ROT, Dirty, Dark, Garbage – Is it worth 12% of your revenues?
Creeping into the IT news lately has been the subject of cleaning up data, either archiving or deleting it. Not sure why this is such a hot topic as one would have thought that most organizations were doing this all along. Not so, it seems. Even in migration scenarios, many organizations don’t have any issue with just moving it, without even knowing what it is.
As a software vendor we are not in the business getting rid of corporate garbage, only to the extent that we can assist in the identification of the value of the content by understanding what it is about, eliminate dupes, and identify records or security breaches. But this is not a vendor pitch. I recently read an article by Data Mentors, entitled ‘How Much is Dirty Data Costing You? I found the article fascinating as it quantified the business cost of data that is somehow compromised, or absent. Did you know on average, every 30 minutes 120 business addresses change, 75 phone numbers change, 20 CEOs leave their jobs, and 30 new businesses are formed. (Source: D&B The Sales and Marketing Institute)?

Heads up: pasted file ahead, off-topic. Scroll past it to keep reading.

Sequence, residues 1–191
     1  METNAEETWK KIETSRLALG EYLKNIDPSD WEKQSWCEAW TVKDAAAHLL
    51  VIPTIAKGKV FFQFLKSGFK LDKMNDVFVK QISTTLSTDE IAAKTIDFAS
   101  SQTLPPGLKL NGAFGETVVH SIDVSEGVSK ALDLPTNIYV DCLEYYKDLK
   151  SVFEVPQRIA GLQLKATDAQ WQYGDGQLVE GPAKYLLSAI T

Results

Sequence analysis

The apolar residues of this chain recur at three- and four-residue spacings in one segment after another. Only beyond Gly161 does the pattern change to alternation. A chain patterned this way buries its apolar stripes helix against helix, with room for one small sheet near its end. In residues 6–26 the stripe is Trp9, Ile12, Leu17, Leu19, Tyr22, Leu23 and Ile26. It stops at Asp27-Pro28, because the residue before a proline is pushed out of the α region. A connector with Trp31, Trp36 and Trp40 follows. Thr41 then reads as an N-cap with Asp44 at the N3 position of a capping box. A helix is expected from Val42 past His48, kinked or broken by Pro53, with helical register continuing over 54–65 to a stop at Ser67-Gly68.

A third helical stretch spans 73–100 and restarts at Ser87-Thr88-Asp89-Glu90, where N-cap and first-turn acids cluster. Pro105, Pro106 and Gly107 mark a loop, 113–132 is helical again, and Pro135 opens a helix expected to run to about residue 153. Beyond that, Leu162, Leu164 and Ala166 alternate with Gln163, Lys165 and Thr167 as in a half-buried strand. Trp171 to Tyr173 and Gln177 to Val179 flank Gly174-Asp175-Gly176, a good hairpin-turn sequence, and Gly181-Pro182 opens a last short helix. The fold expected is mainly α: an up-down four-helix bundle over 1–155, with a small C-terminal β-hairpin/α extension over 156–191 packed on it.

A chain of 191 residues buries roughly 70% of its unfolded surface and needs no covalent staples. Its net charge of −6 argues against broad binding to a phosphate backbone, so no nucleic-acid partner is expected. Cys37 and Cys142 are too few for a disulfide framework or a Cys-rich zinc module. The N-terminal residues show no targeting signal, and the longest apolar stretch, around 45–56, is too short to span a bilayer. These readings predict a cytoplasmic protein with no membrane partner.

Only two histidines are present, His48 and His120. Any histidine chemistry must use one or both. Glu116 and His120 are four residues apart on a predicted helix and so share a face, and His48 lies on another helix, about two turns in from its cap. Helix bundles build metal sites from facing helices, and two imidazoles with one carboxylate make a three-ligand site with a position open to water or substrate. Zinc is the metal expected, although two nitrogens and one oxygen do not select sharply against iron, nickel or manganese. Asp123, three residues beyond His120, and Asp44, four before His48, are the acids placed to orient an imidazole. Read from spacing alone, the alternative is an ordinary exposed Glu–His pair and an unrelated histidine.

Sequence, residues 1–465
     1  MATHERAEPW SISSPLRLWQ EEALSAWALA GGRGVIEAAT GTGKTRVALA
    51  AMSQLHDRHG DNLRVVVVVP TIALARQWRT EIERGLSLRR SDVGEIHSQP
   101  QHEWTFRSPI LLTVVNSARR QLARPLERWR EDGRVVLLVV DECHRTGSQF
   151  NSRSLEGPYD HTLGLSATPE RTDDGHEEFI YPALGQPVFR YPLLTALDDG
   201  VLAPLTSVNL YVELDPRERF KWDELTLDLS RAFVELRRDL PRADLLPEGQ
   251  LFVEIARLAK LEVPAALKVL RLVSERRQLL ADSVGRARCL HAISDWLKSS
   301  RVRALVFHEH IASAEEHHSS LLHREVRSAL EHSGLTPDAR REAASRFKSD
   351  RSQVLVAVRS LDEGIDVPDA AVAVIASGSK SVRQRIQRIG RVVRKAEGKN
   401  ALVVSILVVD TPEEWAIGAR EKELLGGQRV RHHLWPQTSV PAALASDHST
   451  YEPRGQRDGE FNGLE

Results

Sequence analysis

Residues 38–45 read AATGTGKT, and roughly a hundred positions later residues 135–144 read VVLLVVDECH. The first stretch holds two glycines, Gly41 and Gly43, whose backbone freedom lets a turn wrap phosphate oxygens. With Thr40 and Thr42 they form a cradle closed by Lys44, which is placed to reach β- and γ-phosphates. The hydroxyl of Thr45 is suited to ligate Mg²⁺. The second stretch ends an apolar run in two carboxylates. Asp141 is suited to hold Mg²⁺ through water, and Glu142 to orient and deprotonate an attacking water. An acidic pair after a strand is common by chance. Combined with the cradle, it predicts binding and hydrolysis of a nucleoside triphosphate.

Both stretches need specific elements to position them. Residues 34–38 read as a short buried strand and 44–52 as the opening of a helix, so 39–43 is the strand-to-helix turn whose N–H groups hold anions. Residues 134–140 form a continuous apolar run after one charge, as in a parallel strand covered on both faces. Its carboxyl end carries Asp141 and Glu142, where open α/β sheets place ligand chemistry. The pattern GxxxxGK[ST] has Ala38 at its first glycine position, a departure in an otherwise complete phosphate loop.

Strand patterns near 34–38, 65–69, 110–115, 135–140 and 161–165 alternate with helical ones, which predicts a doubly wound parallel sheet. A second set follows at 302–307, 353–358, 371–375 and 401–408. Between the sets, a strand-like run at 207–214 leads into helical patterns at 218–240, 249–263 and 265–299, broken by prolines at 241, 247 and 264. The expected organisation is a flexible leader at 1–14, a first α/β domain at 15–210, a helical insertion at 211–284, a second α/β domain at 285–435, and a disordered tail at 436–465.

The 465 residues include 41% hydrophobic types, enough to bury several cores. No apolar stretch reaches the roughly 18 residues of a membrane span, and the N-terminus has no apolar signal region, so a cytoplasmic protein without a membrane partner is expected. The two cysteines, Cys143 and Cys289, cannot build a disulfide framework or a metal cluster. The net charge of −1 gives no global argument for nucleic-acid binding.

What would open the eyes of any C-level manager is the fact that inaccurate data has a direct impact on the bottom line, with the average company losing 12% of its revenue. That should be a wake-up call. What are some examples of dirty data? The following would almost make you chuckle, if unfortunately they weren’t true.
- Retail company found over 1 million records contained home telephone number of “000000000” and addresses containing flight numbers
- Insurance company found customer records with 99/99/99 in creation date field of policy
- Car rental company discovered duplicate agreement numbers in their European data warehouse
- Healthcare company found 9 different values in gender field
- Food/Beverage retail chain found the same product was their No 1 and No 2 best sellers across their business
- An international bank could not meet its customer satisfaction goals because agents in its 23 contact centers all followed different operational processes, using up to 18 different apps — many of which contained duplicate data — to serve a single customer
Recognize your company in any of the above? Do you have processes and procedures to ensure appropriate lifecycle management for data, both structured and unstructured?